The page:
As executive director of the North American Society for Trenchless Technology, John Hemphill played a significant role in programs that have educated members of the trenchless industry and general public about the benefits of trenchless construction.
While at NASTT, Hemphill coordinated the Horizontal Directional Drilling (HDD) Consortium’s development and publication of HDD Good Practices guidelines. Also during his tenure, the society’s educational programs were significantly expanded, membership increased, the annual No Dig Show grew in size and scope, and good practices guidelines were developed for other trenchless procedures.
To many, Hemphill’s announcement last year that he planned to retire may have been a surprise, followed by news of his appointment as executive director of the International Society for Trenchless Technology (ISTT).
“I felt like the time was right to step down at NASTT,” said Hemphill. “We had accomplished a lot, and it seemed that it would be good to bring in new leadership with new views and ideas.”
Hemphill planned to remain in Virginia, relax and take his time to consider what he wanted to do next. He agreed to stay on at NASTT while his replacement was found and to assist with the transition.
Then he learned that ISTT’s executive secretary, John Castle, also was retiring, and ISTT was searching for an executive to manage that organization. He applied for the ISTT position, and was selected for the job.
“It seemed to be a natural progression,” Hemphill said. “I saw an opportunity to remain in the trenchless industry and have the opportunity to address new challenges.”
NASTT hired Michael Willmets as its new executive director, and Hemphill stayed on for NASTT’s educational programs at the 2008 UCT show and 2008 No Dig show. Hemphill’s last day at NASTT was May 31; his first day at ISTT was June 1, and he was on the job preparing for the opening International No dig 2008 Conference and Exhibition in Moscow, Russia.
“The conference was quite successful,” said Hemphill. “It was held in junction with ECWATECH-2008, Water: Ecology and Technology, an established event that attracted large gathering of underground construction and water technology delegates. It was clear from conversations that Russians are just beginning to introduce trenchless methods as a means for installing and renewing underground infrastructure, and attendance at the technical sessions made it clear they are very interested in learning more about trenchless procedures and how they can apply them to their projects. ISTT members were impressed with their enthusiasm.”
Hemphill said the event provided an opportunity for his introduction to the ISTT board and to meet with members from many nations.
“The 2008 International No Dig was John Castle’s last as executive secretary,” he continued. “He presided at the event and was honored for his service to ISTT. For me it was a learning experience, and I kept a low profile.”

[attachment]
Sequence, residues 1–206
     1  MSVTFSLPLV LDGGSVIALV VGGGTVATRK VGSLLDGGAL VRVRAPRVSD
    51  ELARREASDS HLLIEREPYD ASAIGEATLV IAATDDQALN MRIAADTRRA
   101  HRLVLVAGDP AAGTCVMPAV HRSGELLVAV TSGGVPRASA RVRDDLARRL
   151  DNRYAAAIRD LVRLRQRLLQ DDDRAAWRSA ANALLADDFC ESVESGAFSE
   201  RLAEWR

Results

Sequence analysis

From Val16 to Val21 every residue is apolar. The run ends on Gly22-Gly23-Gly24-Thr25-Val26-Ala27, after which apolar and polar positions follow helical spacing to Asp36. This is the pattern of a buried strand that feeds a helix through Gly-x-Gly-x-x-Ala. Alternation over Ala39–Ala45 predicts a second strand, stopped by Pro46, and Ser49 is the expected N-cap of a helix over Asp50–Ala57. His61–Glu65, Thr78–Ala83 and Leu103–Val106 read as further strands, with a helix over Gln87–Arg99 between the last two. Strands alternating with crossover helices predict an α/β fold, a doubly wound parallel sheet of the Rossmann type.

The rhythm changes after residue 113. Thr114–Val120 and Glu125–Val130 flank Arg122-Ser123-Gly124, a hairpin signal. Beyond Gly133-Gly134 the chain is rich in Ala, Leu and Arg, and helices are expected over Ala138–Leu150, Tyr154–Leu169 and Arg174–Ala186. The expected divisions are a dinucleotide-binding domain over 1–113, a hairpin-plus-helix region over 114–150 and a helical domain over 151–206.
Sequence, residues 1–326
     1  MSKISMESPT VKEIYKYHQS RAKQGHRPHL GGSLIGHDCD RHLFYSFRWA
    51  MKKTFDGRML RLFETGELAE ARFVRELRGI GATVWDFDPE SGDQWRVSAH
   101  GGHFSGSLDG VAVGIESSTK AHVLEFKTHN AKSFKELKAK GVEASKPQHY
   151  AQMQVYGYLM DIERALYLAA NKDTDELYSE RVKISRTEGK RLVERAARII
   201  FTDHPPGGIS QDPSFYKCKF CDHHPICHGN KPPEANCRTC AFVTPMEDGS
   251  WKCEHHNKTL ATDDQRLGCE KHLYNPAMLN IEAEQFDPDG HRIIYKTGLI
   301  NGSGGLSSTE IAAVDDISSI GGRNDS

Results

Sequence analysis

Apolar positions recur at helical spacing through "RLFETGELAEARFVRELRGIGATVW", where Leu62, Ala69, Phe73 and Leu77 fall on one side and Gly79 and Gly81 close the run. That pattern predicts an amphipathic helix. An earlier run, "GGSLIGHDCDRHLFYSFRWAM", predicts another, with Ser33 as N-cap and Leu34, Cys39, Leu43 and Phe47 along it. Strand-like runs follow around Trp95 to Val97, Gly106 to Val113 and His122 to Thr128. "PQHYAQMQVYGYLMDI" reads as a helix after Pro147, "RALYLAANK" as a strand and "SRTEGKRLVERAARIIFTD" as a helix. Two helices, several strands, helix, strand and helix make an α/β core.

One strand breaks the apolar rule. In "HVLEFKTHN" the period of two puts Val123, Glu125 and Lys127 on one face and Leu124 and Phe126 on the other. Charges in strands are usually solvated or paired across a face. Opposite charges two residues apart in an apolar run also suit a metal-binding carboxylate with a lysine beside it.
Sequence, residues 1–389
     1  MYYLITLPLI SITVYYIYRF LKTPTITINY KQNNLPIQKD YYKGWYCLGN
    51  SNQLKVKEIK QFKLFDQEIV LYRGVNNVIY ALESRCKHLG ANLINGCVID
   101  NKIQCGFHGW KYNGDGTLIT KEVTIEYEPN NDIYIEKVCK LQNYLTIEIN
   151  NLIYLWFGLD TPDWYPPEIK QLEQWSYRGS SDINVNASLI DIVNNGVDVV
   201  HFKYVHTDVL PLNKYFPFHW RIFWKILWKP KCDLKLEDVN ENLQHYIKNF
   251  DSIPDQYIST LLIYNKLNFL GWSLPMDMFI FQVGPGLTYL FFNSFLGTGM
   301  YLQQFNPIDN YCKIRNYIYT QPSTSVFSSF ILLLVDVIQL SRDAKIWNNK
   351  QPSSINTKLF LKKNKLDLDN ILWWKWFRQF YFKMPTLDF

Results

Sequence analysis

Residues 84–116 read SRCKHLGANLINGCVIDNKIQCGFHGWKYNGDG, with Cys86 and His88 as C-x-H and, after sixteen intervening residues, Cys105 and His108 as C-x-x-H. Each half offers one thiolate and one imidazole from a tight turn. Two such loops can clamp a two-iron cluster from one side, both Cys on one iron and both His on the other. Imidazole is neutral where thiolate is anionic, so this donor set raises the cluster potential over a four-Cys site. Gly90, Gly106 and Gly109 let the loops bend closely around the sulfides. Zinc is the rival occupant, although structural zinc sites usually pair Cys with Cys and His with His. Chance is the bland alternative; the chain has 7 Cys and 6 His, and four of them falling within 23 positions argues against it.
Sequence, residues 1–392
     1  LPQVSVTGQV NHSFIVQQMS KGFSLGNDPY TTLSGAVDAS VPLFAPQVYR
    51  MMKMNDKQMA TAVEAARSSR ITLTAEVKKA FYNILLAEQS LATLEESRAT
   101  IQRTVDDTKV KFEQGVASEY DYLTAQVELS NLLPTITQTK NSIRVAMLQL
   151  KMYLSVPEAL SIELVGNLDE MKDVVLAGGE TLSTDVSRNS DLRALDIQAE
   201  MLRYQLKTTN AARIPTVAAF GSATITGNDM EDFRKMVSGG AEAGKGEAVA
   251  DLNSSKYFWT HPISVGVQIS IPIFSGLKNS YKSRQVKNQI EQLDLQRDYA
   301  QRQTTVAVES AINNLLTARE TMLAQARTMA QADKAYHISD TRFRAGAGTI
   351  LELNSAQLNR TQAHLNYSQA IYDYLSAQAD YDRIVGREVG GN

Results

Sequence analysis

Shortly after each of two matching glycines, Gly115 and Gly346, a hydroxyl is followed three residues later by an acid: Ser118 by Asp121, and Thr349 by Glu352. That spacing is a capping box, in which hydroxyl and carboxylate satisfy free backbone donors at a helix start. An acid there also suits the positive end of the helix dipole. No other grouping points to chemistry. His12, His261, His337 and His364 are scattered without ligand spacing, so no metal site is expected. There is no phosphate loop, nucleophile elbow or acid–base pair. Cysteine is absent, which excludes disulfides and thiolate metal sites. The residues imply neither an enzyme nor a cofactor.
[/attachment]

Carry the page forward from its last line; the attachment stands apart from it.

The ISTT was founded in 1986 to promote and encourage the use of trenchless technologies for the installation, rehabilitation and maintenance of underground utility infrastructure thereby reducing or eliminating excavation. ISTT currently has 22 affiliated trenchless societies, including NASTT. The newest member is Bulgaria which joined at the Moscow convention in June.
“I would say a major goal of ISTT today is to increase worldwide training in trenchless procedures,” said Hemphill. “ISTT faces many of the same challenges the NASTT had during my time there, and I think my experience at NASTT and the progress we made was a factor in my selection.”
Hemphill said one of his most rewarding experiences at NASTT was coordinating efforts of an HDD consortium that developed and implemented the Horizontal Directional Drilling Good Practices Guidelines.
“The HDD guidelines continue to impact our industry and became the seed for NASTT’s expanded educational programs,” he said, “and lead to the development of good practices guidelines for cured in place pipe (CIPP) lining procedures; pipebursting, sewer laterals and new installations which include pipe jacking, pipe ramming, pilot tube boring and other new applications.”
Hemphill has more than 35 years experience in management and policy analysis in the fields of engineering and energy.
Prior to becoming executive director of NASTT, Hemphill was program manager at the Civil Engineering Research Foundation and was the American Society of Civil Engineering’s first congressional fellow. Hemphill also served as the Business Council for Sustainable Energy’s first executive director. Prior to that he was employed by the Southern California Gas Company in several positions including manager of regulatory/government affairs and director of gas demand forecasting. Hemphill was corporate strategic planner for Booz Allen & Hamilton – a business consulting firm; and deputy director for energy policy at the International Energy Agency in Paris, France, and with the US Department of Energy, in Washington, DC.
Hemphill holds a B.S. Civil Engineering degree from the University of Oklahoma and M.S. in Civil Engineering from the University of Maryland.
ISTT headquarters remains in London, England while Hemphill operate from Alexandria, VA.